Breathtaking and downright weird golf holes that you’ll never forget
Most of the time, if you ask a golfer what their course bucket list is, they’ll tell you the same basic list of courses. Augusta National, Cypress Point, Pine Valley, The Old Course, and so on. Rightfully so: These courses are all notable, historic achievements and represent some of the best golf you can play. But your bucket list should also include these fascinating outliers — holes that take golf and golf architecture to the extreme, causing delays because of gapers and photo ops as much as the difficulty of the hole.
It’s the longest par 3 and the most dramatic tee shot in the world. Accessible only by helicopter, the teeing ground of the “Extreme 19th” hole at Legend Golf & Safari Resort in South Africa sits atop Hanglip Mountain some 470 yards above the green. It’s not for the faint of heart, as making a good golf swing with a strong weight shift will feel like you’re jumping off the edge of a cliff. Feel free to take a mulligan or two, as the experience of hitting a shot like this isn’t likely to be repeated anywhere else.
The gigantic, difficultly-contoured green is shaped like the African continent and, despite its size, looks like a postage stamp from the dramatically elevated teeing ground.
Chicago Highlands Golf Course – No. 9 Par 4, 288 Yards
Chicago Highlands is a gem of a course that flies under the radar, overshadowed in name by nearby Medinah and Olympia Fields. But it’s a more interesting course than either of those can boast, with bold architecture and a degree of difficulty that ramps way up when the wind starts blowing. But the hole that you’ll tell your friends about is the ninth, a short par 4 like you’ve never seen. The green rests on a plateau above a giant mound that’s elevated over 20 feet from the teeing ground, surrounded by a fairway that’s dotted with the occasional bunker. It’s a 360-degree false front, essentially. If you miss the green, you’ll have a 40-50 yard approach shot straight up a hill to the plateau green that, incidentally, offers a beautiful view of the rest of the course. Just when you think it’s all been done before, a hole like this comes along and shows you there are still new ideas in short par 4s.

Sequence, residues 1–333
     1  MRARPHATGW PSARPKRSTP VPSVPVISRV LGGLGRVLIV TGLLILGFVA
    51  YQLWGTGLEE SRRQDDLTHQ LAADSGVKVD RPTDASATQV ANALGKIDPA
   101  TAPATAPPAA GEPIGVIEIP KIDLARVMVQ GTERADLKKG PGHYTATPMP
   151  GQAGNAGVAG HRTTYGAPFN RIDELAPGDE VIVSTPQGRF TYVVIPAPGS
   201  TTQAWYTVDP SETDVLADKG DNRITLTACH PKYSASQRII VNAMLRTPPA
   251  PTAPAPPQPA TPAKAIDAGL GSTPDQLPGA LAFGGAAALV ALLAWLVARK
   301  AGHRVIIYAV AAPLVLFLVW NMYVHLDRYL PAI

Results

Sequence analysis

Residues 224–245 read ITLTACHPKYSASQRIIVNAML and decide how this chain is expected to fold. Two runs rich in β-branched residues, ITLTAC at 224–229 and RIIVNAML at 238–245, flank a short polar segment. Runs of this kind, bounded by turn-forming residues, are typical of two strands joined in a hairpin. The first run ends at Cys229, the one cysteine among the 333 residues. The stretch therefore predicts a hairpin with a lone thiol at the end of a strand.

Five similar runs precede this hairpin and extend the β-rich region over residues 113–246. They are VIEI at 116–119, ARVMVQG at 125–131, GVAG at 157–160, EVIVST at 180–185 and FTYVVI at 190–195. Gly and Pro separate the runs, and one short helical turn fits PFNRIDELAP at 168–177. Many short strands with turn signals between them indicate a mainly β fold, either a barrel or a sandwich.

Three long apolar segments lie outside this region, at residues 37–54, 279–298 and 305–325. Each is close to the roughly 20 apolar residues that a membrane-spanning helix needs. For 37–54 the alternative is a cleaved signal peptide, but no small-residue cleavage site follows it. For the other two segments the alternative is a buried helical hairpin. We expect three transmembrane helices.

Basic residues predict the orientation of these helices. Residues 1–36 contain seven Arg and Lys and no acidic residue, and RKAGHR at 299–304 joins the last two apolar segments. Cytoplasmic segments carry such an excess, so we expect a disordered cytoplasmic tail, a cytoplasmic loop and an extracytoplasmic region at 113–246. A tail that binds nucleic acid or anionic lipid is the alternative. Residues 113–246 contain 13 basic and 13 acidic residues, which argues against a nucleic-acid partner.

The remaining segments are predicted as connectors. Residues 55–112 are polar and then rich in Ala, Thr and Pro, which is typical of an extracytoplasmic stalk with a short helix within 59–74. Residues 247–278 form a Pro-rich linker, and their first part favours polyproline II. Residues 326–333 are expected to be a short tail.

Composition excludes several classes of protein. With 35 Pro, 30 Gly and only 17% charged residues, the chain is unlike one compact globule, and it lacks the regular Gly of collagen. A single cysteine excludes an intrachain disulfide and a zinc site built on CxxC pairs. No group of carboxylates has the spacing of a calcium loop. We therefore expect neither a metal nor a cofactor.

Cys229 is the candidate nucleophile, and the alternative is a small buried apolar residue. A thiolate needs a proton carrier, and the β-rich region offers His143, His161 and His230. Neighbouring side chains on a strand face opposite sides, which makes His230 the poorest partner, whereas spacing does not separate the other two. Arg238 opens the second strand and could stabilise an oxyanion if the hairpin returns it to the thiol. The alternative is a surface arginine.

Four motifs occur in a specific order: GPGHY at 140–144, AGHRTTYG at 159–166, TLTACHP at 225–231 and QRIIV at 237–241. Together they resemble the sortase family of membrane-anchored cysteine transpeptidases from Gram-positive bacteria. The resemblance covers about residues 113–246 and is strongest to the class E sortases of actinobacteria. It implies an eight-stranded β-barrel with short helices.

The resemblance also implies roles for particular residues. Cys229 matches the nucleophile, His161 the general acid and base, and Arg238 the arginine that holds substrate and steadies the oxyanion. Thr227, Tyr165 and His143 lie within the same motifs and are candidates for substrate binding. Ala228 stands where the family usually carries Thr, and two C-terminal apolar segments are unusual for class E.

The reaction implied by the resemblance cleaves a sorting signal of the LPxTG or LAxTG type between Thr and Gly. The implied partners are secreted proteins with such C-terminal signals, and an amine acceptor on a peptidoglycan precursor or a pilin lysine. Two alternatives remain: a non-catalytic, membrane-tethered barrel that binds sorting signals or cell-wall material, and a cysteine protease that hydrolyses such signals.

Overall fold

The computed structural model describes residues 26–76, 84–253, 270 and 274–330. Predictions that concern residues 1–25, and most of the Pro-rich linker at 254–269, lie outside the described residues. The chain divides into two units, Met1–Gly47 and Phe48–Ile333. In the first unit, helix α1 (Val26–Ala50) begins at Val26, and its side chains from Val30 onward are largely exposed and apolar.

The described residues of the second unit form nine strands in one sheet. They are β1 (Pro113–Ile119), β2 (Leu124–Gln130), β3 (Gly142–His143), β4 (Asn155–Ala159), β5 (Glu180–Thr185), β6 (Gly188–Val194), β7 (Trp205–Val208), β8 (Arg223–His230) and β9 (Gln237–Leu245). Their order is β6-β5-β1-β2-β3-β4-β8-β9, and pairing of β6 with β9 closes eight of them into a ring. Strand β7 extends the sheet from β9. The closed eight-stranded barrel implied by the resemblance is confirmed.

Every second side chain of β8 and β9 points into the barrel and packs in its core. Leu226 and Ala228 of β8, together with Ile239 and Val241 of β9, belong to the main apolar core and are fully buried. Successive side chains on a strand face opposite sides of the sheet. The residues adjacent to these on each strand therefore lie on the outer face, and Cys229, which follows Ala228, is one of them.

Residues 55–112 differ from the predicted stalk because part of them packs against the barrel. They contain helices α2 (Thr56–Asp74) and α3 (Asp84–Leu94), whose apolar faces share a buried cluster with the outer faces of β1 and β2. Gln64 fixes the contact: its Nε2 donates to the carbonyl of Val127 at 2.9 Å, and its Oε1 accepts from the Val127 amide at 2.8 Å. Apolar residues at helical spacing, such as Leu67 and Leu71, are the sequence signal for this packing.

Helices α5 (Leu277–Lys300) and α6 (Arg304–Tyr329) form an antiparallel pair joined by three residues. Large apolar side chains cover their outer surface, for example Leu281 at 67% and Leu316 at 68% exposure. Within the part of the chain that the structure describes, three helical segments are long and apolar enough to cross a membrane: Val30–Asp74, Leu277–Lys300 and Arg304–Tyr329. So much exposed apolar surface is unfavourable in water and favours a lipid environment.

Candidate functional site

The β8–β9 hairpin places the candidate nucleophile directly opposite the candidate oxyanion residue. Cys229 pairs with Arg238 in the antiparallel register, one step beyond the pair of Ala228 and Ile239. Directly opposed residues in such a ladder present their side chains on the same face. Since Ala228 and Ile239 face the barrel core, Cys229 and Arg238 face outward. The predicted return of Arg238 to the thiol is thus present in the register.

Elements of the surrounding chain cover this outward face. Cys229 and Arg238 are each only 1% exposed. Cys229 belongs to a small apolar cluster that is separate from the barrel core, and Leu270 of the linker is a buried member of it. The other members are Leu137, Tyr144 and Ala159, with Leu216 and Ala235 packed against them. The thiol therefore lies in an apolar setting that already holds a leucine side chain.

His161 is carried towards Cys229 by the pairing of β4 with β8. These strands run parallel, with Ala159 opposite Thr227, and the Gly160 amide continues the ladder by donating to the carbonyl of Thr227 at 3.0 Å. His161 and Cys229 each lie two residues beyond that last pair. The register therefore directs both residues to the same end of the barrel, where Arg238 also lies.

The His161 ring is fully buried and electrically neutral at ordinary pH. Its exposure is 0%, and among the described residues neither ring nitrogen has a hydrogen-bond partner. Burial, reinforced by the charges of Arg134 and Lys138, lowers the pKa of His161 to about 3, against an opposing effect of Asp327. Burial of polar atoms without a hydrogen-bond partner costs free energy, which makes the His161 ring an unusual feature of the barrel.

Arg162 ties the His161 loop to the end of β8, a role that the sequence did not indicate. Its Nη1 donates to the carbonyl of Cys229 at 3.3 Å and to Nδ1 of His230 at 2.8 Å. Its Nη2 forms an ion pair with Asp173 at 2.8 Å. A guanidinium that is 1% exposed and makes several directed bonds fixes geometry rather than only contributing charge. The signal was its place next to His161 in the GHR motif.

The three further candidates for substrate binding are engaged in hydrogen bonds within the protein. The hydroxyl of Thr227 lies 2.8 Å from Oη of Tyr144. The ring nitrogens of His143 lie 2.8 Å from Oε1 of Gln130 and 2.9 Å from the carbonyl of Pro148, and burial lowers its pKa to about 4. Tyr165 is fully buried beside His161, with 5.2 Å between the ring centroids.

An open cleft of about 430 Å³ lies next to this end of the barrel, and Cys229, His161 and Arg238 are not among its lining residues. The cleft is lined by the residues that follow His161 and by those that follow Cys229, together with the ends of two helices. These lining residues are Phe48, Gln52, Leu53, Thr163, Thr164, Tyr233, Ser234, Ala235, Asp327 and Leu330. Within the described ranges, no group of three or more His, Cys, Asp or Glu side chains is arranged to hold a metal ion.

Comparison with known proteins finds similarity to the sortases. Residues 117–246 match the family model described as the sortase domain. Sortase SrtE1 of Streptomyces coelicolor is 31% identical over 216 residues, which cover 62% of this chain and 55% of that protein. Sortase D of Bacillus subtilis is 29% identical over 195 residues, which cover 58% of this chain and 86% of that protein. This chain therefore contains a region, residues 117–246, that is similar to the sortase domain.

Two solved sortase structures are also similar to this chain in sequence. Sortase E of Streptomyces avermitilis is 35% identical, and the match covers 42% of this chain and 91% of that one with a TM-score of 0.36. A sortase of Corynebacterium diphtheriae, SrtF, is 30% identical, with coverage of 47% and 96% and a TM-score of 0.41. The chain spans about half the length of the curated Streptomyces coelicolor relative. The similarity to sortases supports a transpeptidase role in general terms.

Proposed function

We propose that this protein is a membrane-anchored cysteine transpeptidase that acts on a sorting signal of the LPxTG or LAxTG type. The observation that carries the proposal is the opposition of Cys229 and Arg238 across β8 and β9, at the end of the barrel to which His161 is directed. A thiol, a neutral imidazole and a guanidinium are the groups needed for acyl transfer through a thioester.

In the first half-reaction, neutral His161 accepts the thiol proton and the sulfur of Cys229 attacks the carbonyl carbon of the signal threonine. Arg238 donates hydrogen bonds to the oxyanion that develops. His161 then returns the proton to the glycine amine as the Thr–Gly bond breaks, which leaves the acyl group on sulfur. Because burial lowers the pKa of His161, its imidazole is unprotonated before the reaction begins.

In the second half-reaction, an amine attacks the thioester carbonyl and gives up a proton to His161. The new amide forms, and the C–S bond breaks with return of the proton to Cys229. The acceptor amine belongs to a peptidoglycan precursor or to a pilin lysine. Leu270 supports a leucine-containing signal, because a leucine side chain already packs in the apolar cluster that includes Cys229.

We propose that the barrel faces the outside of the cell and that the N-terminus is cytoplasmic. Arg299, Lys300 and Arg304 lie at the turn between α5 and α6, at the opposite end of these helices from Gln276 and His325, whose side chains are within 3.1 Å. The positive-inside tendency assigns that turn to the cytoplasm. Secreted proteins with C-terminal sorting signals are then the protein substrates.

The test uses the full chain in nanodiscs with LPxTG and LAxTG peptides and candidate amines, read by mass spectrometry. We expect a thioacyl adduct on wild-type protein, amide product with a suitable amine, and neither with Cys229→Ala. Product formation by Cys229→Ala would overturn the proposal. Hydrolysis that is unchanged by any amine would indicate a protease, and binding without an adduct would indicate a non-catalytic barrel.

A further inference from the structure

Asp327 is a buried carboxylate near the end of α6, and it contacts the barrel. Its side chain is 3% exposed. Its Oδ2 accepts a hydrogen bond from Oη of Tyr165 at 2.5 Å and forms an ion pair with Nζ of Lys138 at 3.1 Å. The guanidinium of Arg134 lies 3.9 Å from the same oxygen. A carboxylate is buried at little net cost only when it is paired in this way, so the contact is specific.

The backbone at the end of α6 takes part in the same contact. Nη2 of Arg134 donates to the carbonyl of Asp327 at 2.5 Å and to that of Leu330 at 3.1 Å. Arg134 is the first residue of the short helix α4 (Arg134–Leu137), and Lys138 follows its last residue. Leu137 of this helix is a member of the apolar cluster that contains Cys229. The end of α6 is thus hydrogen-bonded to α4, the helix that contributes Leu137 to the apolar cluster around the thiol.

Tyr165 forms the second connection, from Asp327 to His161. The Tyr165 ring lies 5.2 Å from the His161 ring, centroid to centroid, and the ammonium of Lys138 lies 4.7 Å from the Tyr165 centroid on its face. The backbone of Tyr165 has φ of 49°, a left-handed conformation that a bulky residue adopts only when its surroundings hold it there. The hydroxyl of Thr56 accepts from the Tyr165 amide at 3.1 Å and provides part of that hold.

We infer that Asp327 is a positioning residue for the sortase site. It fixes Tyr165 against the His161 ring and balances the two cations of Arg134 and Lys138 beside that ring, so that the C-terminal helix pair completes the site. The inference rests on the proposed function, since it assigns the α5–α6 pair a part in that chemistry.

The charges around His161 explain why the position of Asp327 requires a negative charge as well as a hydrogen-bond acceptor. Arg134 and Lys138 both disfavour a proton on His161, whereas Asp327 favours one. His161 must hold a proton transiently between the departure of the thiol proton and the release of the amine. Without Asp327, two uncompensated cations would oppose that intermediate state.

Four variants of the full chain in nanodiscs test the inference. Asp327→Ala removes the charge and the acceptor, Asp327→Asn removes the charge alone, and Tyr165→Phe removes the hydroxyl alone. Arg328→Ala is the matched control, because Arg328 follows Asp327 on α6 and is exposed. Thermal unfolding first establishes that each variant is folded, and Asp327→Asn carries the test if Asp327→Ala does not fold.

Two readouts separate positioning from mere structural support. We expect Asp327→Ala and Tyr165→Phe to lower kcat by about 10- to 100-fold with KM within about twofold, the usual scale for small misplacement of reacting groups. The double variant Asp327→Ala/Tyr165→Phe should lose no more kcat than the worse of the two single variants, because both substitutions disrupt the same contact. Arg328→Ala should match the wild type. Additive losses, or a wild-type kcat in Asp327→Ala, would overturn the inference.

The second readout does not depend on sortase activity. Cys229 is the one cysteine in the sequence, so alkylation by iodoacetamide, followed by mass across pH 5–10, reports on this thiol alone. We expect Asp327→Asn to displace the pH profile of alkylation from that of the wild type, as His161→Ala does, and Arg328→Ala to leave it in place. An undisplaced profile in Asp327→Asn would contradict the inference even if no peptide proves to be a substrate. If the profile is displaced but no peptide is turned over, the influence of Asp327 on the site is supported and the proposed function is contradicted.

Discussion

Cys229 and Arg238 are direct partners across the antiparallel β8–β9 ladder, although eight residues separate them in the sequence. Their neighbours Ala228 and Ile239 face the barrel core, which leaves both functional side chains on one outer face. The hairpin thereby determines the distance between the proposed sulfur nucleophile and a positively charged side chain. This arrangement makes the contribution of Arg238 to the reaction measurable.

Everyone knows the Plantation Course at Kapalua — the PGA Tour plays their tournament of champions there every year. It’s a triumph of a course from the amazing Coore/Crenshaw design team. But lesser known is the older Bay Course at Kapalua. While most of the Bay Course is unremarkable, the 17th hole makes it all worth it. Your tee shot must carry about 175 yards over the Pacific Ocean, where most days you’ll see surfers carving it up by the cliffs below. It makes for quite a photo op.
The 17th at TPC Sawgrass is the most famous island green in the world, but the floating green at Coeur d’Alene is unique. It’s a true island that’s actually an engineering marvel: the island is movable to create different yardages and shots each day. The island looks tiny from the 218-yard back tees, but it’s actually a sizeable 15,000 square feet. Once you’ve managed to get your ball on the green, you board the “Putter”, an electric boat that ferries you to and from the green. Truly fascinating!
Just looking at the course overview on the Gunsan Country Club website, the third hole on the Jeongeup Course is quite an outlier. The fairway, lined on the left by water, just seems to go on forever. This 987-yard par 7 current has the distinction as the longest golf hole in the world. The longest hitters may be able to get to the green in three, which results in the rarest of the rare: a putt for an albatross. But most mere mortals will be happy with five controlled 200-yard shots and a decent chance at par. With water, all down the left side and peeking in on the right, and strategic bunkering that’ll really mess with the overly aggressive, the hole is a marathon of shotmaking. Par is a good score, but a birdie will be the most rewarding 6 you’ll ever write on a scorecard.